Honolulu Star-Advertiser

Hawaii News

By Andrew Gomes

October 13, 2021

Residential and commercial construction on state land around Aloha Stadium could begin in late 2022 or early 2023 without a projected timetable for replacing the largely condemned 50,000-seat facility.

That’s the latest state expectation for carrying out a massive public-private redevelopment project on 98 acres in Halawa that for 46 years has been home to Hawaii’s largest outdoor entertainment venue.

A consultant to state agencies leading separate but somewhat parallel redevelopment efforts for the stadium on about 25 acres and 73 acres of surrounding real estate explained the expected timing Tuesday as an invitation was published to attract developers interested in producing the larger piece of the plan.

“This is an exciting time,” said Curt Otaguro, head of the state Department of Accounting and General Services, which is leading the procurement efforts. “When else do we have the opportunity to build a new community?”

DAGS published the request online for bidders to submit their qualifications and a preliminary master plan that could include around 3,300 homes, including affordable housing desired by the state, 650 hotel rooms, retail space, offices and at least 4,000 parking spaces.

The whole shebang, along with a new stadium, comprises what project officials have dubbed the New Aloha Stadium Entertainment District.

For the larger piece of the project, a developer is being sought to lease the site for up to 99 years and pay the state rent that could be used to cover taxpayer expenses for building a new stadium costing around $400 million.

David Harris, a NASED project director with WT Partnership, said signing a contract with a winning bidder is expected by September with construction possibly starting soon after that.

“So we could be looking at real estate development occurring on site towards the end of 2022, perhaps early 2023,” he said. “But ultimately, that will be confirmed through the procurement process.”

Meanwhile, even an estimated timetable for replacing the rusted 46-year-old Aloha Stadium is undetermined.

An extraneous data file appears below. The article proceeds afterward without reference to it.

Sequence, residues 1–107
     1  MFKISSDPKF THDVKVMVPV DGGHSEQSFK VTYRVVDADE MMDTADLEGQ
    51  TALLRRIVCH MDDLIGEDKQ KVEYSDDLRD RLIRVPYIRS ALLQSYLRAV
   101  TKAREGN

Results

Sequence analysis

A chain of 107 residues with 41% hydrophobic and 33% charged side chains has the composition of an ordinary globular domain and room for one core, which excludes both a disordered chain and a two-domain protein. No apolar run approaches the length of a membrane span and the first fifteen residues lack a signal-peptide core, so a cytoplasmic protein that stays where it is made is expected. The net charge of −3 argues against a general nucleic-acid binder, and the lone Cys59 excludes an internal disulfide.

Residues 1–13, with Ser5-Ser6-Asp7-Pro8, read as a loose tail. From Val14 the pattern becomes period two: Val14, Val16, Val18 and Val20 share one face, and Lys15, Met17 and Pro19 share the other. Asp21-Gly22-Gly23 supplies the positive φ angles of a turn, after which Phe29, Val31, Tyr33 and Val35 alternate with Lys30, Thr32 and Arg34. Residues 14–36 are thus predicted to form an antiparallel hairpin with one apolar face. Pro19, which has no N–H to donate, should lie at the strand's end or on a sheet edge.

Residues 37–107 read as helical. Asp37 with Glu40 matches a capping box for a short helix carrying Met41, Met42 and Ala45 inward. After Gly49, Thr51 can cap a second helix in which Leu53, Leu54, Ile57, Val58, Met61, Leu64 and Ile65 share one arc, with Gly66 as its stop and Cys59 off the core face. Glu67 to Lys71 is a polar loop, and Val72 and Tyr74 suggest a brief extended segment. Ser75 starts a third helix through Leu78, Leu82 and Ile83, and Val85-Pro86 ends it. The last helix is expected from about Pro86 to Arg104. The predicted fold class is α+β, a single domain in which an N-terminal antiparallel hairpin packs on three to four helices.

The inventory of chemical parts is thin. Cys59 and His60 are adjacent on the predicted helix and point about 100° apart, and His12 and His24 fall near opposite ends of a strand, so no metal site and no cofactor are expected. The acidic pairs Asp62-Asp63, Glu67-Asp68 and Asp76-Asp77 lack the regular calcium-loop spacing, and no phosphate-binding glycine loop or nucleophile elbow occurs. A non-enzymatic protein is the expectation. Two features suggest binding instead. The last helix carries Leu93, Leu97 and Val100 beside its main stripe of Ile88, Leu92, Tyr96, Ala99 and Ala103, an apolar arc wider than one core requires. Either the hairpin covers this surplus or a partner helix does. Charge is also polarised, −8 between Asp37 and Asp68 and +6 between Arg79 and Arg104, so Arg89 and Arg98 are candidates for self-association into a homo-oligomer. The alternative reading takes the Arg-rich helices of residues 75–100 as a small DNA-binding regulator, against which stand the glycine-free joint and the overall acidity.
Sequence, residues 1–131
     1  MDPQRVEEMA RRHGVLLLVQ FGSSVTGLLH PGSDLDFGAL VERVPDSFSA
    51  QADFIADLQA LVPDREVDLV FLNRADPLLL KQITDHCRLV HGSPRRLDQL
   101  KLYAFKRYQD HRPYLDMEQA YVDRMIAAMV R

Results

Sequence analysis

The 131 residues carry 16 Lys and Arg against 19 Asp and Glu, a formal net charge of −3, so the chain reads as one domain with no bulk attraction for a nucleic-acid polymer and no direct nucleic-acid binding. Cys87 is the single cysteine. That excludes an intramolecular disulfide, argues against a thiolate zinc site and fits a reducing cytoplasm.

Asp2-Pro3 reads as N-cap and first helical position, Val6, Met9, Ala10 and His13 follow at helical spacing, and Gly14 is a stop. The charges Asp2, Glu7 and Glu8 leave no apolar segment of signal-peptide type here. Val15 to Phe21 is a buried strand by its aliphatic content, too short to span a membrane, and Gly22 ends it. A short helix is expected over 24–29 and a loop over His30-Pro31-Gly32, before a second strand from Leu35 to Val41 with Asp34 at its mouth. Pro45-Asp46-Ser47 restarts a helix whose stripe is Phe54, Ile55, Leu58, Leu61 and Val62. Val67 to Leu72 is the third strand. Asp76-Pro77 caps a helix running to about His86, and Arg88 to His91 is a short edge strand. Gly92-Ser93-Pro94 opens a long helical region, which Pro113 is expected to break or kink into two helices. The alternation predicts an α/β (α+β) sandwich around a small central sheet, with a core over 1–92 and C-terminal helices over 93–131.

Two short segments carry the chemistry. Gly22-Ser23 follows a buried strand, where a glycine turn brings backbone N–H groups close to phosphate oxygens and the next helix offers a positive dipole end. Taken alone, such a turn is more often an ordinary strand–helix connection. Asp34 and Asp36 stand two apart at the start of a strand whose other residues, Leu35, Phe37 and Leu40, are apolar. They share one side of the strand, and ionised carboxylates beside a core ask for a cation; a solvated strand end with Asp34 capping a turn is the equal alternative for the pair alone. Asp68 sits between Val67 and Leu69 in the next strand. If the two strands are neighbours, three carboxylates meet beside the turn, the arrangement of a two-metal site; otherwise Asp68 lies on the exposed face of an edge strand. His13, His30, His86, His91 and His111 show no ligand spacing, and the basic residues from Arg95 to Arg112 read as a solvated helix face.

NASED officials selected three stadium construction teams as qualified to compete for the job late last year, but haven’t yet requested proposals.

Previously, NASED officials aimed to open a new stadium in time for the University of Hawaii to play football games in the 2023 fall season before demolishing the existing stadium.

But then last year seating was declared off-limits for safety reasons, and the decision was made to demolish the stadium before building a new one.

In response, UH scrambled to retrofit its Clarence T.C. Ching Athletic Complex practice facility to accommodate 9,000 fans this year and perhaps 15,000 next year.

The move by UH didn’t affect stadium replacement timing, according to Chris Kinimaka, public works administrator at DAGS.

Kinimaka said the coronavirus pandemic was the culprit, as it created uncertainty as to when a roughly 35,000-seat new stadium might be a magnet for surrounding development.

Development of housing can be viable with or without a new stadium, and that is where much of the initial redevelopment focus could be for some of the 73 acres.

State officials envision redevelopment around the stadium footprint will be done in phases over two decades or more and cost over $1 billion.

On Tuesday, NASED project officials described how an initial element of the project could be a cluster of buildings with homes, a hotel and retail connected to a city rail station potentially in use next year with trains running between the stadium site and East Kapolei.

A conceptual rendering by Crawford Architects, a state consultant, showed what such an element could look like, though actual plans will come from a winning developer.

A committee led by state officials and development industry experts will evaluate developer submissions.

The committee will score developers on criteria that include experience, project approach and financial design.

Initial submittals from developers are due by Dec. 3, and finalists are expected to be selected by the end of January. Then detailed proposals will be due by June, followed by a winning bid picked by September.

As for the stadium replacement, the NASED team expects to deliver a request for proposals to the three finalists before the end of the year.

Under this piece of the plan, a winning developer is expected to finance much of the cost because the Legislature approved only up to $170 million in general obligation bonds for NASED.

The stadium developer also would receive an agreed-upon sum from the state to maintain the new facility for 30 to 40 years while the Stadium Authority, a state agency, manages a new stadium.

Originally, state officials envisioned one developer would redevelop the stadium and surrounding land, but that plan was split into two pieces earlier this year.